This spinner consists of two discs of the same size, on opposite ends of an imaginary container. The discs converge at the centre of the container, then move vertically in opposite directions. They then move back to the centre of the imaginary container, and back to their start positions. This is all achieved with the CSS3 transform: translate() property. Some math is needed to calculate the positions in which they should move. Basic math, though. Here’s the Sass:

$spinnerPathDotSize: 0.4;

.Spinner--path {
  &::before,
  &::after {
    width: $spinnerSize * $spinnerPathDotSize * 1em;
    height: $spinnerSize * $spinnerPathDotSize * 1em;
    border-radius: 50%;
    animation-duration: 900ms;
    animation-timing-function: linear;
    animation-iteration-count: infinite;
  }

  &::before {
    background-color: $spinnerColPrimary;
    transform: translate3d(
      0,
      $spinnerSize * (0.5 - $spinnerPathDotSize/2) * 1em,
      0
    );
    animation-name: pathRightUpAndBack;
  }

  &::after {
    background-color: $spinnerColSecondary;
    transform: translate3d(
      $spinnerSize * (1 - $spinnerPathDotSize) * 1em,
      $spinnerSize * (0.5 - $spinnerPathDotSize/2) * 1em,
      0
    );
    animation-name: pathLeftDownAndBack;
  }
}

@keyframes pathRightUpAndBack {
  0% {
    transform: translate3d(
      0,
      $spinnerSize * (0.5 - $spinnerPathDotSize/2) * 1em,
      0
    );
  }
  25% {
    transform: translate3d(
      $spinnerSize * (0.5 - $spinnerPathDotSize/2) * 1em,
      $spinnerSize * (0.5 - $spinnerPathDotSize/2) * 1em,
      0
    );
  }
  50% {
    transform: translate3d(
      $spinnerSize * (0.5 - $spinnerPathDotSize/2) * 1em,
      0,
      0
    );
  }
  75% {
    transform: translate3d(
      $spinnerSize * (0.5 - $spinnerPathDotSize/2) * 1em,
      $spinnerSize * (0.5 - $spinnerPathDotSize/2) * 1em,
      0
    );
  }
  100% {
    transform: translate3d(
      0,
      $spinnerSize * (0.5 - $spinnerPathDotSize/2) * 1em,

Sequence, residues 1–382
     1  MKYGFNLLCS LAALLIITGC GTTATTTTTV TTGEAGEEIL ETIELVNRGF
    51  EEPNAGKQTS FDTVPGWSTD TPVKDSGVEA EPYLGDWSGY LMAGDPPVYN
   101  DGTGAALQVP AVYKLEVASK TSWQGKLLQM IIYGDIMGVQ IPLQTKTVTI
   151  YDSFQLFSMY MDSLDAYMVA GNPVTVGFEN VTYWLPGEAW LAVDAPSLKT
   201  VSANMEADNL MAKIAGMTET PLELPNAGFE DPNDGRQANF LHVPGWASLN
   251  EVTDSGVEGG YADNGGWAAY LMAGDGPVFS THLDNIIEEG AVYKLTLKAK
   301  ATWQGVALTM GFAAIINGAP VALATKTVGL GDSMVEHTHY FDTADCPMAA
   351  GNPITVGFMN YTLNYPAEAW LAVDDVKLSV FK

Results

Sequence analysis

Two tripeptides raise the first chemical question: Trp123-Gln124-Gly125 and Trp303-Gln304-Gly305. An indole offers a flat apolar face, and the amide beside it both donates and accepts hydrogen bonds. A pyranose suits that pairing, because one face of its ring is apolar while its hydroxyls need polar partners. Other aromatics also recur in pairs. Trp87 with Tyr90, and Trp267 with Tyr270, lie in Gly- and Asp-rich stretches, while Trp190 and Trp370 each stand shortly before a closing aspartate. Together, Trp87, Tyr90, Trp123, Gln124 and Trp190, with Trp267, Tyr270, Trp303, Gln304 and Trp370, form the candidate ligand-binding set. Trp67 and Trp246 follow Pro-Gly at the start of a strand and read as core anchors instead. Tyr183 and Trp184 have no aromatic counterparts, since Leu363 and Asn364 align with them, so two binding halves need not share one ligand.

0
    );
  }
}

@keyframes pathLeftDownAndBack {
  0% {
    transform: translate3d(
      $spinnerSize * (1 - $spinnerPathDotSize) * 1em,
      $spinnerSize * (0.5 - $spinnerPathDotSize/2) * 1em,
      0
    );
  }
  25% {
    transform: translate3d(
      $spinnerSize * (0.5 - $spinnerPathDotSize/2) * 1em,
      $spinnerSize * (0.5 - $spinnerPathDotSize/2) * 1em,
      0
    );
  }
  50% {
    transform: translate3d(
      $spinnerSize * (0.5 - $spinnerPathDotSize/2) * 1em,
      $spinnerSize * (1 - $spinnerPathDotSize) * 1em,
      0
    );
  }
  75% {
    transform: translate3d(
      $spinnerSize * (0.5 - $spinnerPathDotSize/2) * 1em,
      $spinnerSize * (0.5 - $spinnerPathDotSize/2) * 1em,
      0
    );
  }
  100% {
    transform: translate3d(
      $spinnerSize * (1 - $spinnerPathDotSize) * 1em,
      $spinnerSize * (0.5 - $spinnerPathDotSize/2) * 1em,
      0
    );
  }
}

Spinner/Loader #4 - The Pulse

This spinner/loader starts of in a similar way to the previous one, consisting of two discs of the same size, on opposite ends of an imaginary square shape. This time though, they pulse. When one is small, the other is big, and vice versa. This time, we’ll use the transform: scale(); CSS3 property. Here’s what the Sass looks like:

$spinnerPulseDotSize: 0.5;

.Spinner--pulse {
  &::before,
  &::after {
    top: $spinnerSize * (0.5 - $spinnerPulseDotSize/2) * 1em;
    width: $spinnerSize * $spinnerPulseDotSize * 1em;
    height: $spinnerSize * $spinnerPulseDotSize * 1em;
    border-radius: 50%;
    animation-duration: 600ms;
    animation-timing-function: cubic-bezier(0.645, 0.045, 0.355, 1);
    animation-iteration-count: infinite;
  }

  &::before {
    left: 0;
    background-color: $spinnerColPrimary;
    transform: scale(1);
    animation-name: pulseOut;
  }

  &::after {
    right: 0;
    background-color: $spinnerColSecondary;
    transform: scale(0.5);
    animation-name: pulseIn;
  }
}

@keyframes pulseOut {
  0% {
    transform: scale(1);
  }
  50% {
    transform: scale(0.5);
  }
  100% {
    transform: scale(1);
  }
}

@keyframes pulseIn {
  0% {
    transform: scale(0.5);
  }
  50% {
    transform: scale(1);
  }
  100% {
    transform: scale(0.5);
  }
}

Wrap Up

Some of these may seem like a lot of CSS for one tiny little loader, but the truth is, every detail counts these days. When you compress the amount of CSS required for a loader, it’s going to be smaller than the size of a GIF. Include it in your already existent stylesheet and you’re on the ball. It’s scalable, expandable, colourable, modifiable, and just plain ol’ cool looking. I hope this tutorial gave you some insight into the world of CSS animations, transforms, and creating infinite keyframe loops. Try creating your own, feel free to download the source code by clicking the links below, and leave some feedback below. Thanks again for reading, and if you have and questions, comments, or feedback, feel free to send me a tweet.